Miss Karman Liu1, Mrs Jenna Riley1, Ms Karen Edis1, Ms Fiona Turnbull1
1Peninsula Health, Melbourne, Australia
Aim: ‘Improving the dietetic referral pathway for Outpatients with cancer’ was implemented in 2012. This evaluation considers the impact of the pathway on referral and attendance rates, referral source and the ability to identify patients with malnutrition.
Methods: A retrospective audit was completed for 9 months pre and post project implementation. A modified clinic format was introduced alongside oncology rather than stand alone. This also included a referral pathway development with visual prompts for medical staff within the clinical spaces. The malnutrition prevalence pre and post implementation results were compared against the Victorian state wide Cancer Malnutrition Point Prevalence Studies for each time point.
Results: Patients referred into the Nutrition Oncology Clinic increased following referral pathway implementation from 15 to 53 (353% increase). There was an increase in dietitian consultations from 11 to 46 (418% increase) and clinic attendance rates increased from 73% to 87%. Comparison with two point prevalence studies revealed an increased number of outpatients with malnutrition receiving dietetics consultations (23% to 71%). Only 7% of referrals were from medical staff, the majority from nursing and allied health.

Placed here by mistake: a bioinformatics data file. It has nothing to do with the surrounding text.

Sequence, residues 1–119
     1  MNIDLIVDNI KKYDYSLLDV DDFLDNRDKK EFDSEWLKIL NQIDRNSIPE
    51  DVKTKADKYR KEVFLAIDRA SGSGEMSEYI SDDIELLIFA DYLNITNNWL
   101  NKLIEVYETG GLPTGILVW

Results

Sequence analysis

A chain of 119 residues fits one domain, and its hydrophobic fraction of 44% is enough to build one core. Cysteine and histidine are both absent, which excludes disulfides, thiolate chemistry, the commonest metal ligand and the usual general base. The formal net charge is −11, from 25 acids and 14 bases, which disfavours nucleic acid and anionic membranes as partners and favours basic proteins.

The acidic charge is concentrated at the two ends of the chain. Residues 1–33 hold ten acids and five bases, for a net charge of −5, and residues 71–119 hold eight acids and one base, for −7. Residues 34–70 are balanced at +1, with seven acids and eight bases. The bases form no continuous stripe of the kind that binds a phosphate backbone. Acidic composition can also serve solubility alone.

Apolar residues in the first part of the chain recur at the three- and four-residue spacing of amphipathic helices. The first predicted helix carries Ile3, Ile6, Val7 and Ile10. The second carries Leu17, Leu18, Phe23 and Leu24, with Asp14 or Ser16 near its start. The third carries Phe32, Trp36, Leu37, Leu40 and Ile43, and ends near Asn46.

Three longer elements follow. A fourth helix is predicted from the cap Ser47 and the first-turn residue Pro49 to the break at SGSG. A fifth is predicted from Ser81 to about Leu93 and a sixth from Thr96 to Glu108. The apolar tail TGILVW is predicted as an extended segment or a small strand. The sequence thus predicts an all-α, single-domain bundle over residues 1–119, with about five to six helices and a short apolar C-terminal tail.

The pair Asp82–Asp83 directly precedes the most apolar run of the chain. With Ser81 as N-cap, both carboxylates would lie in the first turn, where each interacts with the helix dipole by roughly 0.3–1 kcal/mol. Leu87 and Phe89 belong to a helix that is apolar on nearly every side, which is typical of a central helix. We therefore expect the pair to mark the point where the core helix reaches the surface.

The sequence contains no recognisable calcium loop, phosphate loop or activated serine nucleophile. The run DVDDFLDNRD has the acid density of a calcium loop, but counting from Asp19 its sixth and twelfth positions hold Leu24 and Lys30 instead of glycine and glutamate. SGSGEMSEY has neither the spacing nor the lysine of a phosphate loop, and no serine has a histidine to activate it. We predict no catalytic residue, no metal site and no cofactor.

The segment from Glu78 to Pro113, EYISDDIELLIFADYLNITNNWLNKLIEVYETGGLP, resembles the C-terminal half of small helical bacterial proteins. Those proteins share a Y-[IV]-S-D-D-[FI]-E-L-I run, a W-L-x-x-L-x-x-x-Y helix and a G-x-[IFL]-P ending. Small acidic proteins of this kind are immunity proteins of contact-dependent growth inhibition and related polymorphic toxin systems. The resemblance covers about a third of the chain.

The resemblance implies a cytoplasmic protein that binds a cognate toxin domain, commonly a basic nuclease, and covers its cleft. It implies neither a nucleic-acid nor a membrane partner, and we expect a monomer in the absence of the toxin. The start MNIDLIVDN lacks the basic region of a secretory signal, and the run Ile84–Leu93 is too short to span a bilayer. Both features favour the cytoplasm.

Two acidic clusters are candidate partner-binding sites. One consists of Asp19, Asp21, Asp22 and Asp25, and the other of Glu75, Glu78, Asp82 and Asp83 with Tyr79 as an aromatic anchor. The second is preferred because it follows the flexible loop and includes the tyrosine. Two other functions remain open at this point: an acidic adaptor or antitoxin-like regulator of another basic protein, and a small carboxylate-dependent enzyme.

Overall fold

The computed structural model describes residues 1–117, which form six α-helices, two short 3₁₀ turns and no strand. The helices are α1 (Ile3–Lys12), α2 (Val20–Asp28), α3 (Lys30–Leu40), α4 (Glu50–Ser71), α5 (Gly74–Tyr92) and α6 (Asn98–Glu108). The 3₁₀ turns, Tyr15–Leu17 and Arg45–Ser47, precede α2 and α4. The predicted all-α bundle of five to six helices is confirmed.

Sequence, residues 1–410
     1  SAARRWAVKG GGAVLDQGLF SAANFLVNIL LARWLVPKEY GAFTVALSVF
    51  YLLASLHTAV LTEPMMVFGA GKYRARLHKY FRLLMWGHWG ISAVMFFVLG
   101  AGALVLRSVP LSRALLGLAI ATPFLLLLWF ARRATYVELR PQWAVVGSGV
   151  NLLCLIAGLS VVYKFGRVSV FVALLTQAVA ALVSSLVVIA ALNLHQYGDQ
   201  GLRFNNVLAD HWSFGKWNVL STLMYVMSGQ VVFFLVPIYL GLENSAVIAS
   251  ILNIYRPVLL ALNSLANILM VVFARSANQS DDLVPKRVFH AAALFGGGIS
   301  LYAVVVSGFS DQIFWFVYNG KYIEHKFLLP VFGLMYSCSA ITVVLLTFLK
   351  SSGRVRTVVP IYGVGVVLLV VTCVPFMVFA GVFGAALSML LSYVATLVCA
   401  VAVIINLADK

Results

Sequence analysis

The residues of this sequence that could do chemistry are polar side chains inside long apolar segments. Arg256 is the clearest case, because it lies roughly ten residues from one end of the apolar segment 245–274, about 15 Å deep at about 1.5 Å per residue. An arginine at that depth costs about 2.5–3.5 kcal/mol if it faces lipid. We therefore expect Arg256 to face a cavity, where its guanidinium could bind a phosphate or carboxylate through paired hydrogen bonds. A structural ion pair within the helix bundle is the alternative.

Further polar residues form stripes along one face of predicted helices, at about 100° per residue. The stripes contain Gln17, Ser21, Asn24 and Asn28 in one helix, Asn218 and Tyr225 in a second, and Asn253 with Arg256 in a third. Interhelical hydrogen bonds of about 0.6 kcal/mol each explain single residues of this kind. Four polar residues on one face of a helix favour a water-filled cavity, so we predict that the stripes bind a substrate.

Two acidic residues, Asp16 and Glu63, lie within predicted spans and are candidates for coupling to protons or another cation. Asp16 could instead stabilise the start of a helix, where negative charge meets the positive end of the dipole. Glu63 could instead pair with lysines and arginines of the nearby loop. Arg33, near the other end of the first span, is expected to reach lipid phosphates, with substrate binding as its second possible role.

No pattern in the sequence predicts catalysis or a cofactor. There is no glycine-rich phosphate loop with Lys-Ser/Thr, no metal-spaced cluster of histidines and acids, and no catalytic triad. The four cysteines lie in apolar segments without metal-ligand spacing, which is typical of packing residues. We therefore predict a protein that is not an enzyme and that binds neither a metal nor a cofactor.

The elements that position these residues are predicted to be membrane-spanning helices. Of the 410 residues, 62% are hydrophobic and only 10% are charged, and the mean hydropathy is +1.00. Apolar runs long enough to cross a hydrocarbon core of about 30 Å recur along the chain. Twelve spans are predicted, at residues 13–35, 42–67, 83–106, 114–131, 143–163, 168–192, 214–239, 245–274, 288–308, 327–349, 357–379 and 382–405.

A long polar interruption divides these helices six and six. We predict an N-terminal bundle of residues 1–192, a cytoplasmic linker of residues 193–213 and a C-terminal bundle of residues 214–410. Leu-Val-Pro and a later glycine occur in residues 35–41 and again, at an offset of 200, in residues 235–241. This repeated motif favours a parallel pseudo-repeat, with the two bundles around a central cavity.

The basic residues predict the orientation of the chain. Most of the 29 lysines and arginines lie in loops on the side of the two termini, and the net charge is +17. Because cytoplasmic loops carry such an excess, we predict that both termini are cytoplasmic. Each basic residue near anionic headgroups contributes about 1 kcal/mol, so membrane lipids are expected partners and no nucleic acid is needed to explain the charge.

Significance of finding for allied health: A new dietetic referral pathway increased patient referrals, attendance and facilitated early detection and management of malnutrition. It highlighted the importance of a multidisciplinary approach by coinciding patient’s dietetic and oncologist’s appointments to achieve these outcomes. Refresher training and further medical staff engagement may be needed to further increase patient referral from this group. Future research should consider measuring patient satisfaction and outcomes.